O’Malley’s office charged 28-year-old Yahya Muslim with assault and great bodily injury for shoving a 91-year-old man to the ground at 8th and Harrison streets on Jan. 31. Muslim had two prior assault convictions, prosecutors said. 


Video released by police also showed he later approached a 60-year-old man and 55-year-old woman on the same street and pushed them from behind as they were walking. All three victims received medical attention at local hospital for their injuries.

Another surveillance video inside a convenience store showed a suspect identified by police as 22-year-old Deveion Lamont Byrd walking up behind an 80-year-old woman before grabbing two $100 bills from her hands as she went to pay at the register and running off.

Several brazen assaults captured on camera went viral on social media, and actors Daniel Dae Kim and Daniel Wu were offering a $25,000 reward for information leading to an arrest and conviction.

“My dad is 91 years old,” Wu, who grew up in Orinda, said at the press conference in Oakland. “To have to think about something like that happening to my father is just unimaginable.”

“Racist rhetoric from the pandemic has targeted us for being the reason of the coronavirus,” he continued. “Asians across the board have been targeted by racial slurs, by being attacked, by being pushed around, being spat on. Outside of San Francisco, in LA, in New York, these incidents are happening all over the country.”

An elderly man from Thailand was targeted in another startling attack that went viral on social media after happening in broad daylight in San Francisco’s Anza Vista neighborhood on Jan. 28. A neighbor’s surveillance camera captured the moments a man abruptly ran toward 84-year-old Vicha Ratanapakdee standing outside his garage, violently knocking him to the ground before walking off.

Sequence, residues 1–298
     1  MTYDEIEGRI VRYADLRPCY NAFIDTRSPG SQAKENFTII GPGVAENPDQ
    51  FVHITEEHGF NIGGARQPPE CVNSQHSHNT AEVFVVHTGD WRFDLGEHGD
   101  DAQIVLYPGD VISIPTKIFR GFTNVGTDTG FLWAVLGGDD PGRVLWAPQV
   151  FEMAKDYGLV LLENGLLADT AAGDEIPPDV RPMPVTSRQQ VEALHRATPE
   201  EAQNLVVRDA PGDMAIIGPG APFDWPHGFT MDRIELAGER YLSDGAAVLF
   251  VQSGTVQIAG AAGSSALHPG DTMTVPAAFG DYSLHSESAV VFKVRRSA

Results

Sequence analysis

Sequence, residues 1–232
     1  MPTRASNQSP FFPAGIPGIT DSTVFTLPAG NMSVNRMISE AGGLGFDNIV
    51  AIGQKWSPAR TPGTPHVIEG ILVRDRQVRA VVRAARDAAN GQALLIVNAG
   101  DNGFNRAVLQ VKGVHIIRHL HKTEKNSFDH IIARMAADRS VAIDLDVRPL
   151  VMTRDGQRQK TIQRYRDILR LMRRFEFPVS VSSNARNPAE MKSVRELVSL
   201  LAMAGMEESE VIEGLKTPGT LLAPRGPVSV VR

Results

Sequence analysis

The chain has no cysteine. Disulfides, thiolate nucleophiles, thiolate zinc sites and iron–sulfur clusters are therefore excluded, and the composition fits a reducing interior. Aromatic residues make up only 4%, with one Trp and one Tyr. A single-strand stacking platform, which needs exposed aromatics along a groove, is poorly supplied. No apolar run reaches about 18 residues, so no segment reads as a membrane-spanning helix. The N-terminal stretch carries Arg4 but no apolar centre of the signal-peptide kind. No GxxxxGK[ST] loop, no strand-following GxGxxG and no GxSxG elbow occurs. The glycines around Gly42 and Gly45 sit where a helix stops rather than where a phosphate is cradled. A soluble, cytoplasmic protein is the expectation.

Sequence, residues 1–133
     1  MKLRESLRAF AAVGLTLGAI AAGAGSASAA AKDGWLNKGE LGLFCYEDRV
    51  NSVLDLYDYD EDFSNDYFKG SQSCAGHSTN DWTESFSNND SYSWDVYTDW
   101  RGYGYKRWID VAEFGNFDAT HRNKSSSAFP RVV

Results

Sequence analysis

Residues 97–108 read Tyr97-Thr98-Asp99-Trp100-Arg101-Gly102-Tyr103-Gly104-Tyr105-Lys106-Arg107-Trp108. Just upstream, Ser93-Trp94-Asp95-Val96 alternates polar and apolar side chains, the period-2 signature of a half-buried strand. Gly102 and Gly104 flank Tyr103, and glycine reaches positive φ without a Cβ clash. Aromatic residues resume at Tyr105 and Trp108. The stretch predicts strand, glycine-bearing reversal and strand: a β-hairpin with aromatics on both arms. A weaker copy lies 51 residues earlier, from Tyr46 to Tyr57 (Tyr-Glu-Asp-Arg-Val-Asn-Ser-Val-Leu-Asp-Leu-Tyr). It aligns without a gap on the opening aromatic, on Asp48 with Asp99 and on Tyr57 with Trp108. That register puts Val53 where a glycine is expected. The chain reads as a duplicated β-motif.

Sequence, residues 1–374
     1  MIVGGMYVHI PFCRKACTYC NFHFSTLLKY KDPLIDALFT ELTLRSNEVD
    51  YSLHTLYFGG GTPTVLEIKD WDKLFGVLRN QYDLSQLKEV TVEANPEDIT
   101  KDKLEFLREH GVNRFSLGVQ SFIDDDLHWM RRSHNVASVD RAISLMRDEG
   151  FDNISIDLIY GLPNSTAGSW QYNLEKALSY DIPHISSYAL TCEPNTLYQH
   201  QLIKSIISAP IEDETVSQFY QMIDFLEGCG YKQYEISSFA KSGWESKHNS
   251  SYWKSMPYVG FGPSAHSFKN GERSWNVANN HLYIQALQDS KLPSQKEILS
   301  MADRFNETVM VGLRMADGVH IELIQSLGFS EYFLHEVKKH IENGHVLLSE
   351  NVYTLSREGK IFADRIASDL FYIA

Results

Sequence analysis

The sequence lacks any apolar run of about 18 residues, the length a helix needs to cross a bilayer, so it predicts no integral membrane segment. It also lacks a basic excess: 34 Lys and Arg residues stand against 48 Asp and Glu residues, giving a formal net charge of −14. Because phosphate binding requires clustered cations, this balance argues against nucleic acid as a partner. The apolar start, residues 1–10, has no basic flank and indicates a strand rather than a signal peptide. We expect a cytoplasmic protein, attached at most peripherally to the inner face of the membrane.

Ratanapakdee died at the hospital two days later. His family members told KTVU Fox 2 that they believe the attack was racially motivated and is linked to blame placed on Asians for the pandemic.

On Feb. 1, San Francisco District Attorney Chesa Boudin announced that 19-year-old Antoine Watson would be charged with murder and elder abuse causing death in connection to Ratanapakdee’s death.

The murder of Ratanapakdee “has been especially painful to the Asian American Pacific Islander (AAPI) community, which has been victimized by many incidents of violence, hate and racism since the start of the pandemic,” the district attorney’s office said. 

“This was a horrific, senseless attack, and I send my deepest condolences to the Ratanapakdee family for this unthinkable pain,” Boudin added in a statement. “My heart goes out to the entire AAPI community for the harm and fear this tragedy has inflicted.”

The attacks were first spotlighted on social media by activist Amanda Nguyen. She also highlighted an attack against Noel Quintana, a 61-year-old Filipino man who was slashed in the face during a confrontation on a New York City subway on Feb. 3.


NYPD continues to search for the assailant, but, so far, officials have not mentioned race as a factor in the attack. Mayor Bill de Blasio refused to recognize a crime problem, and Police Commissioner Dermot Shea said transit crime is down, WABC reported.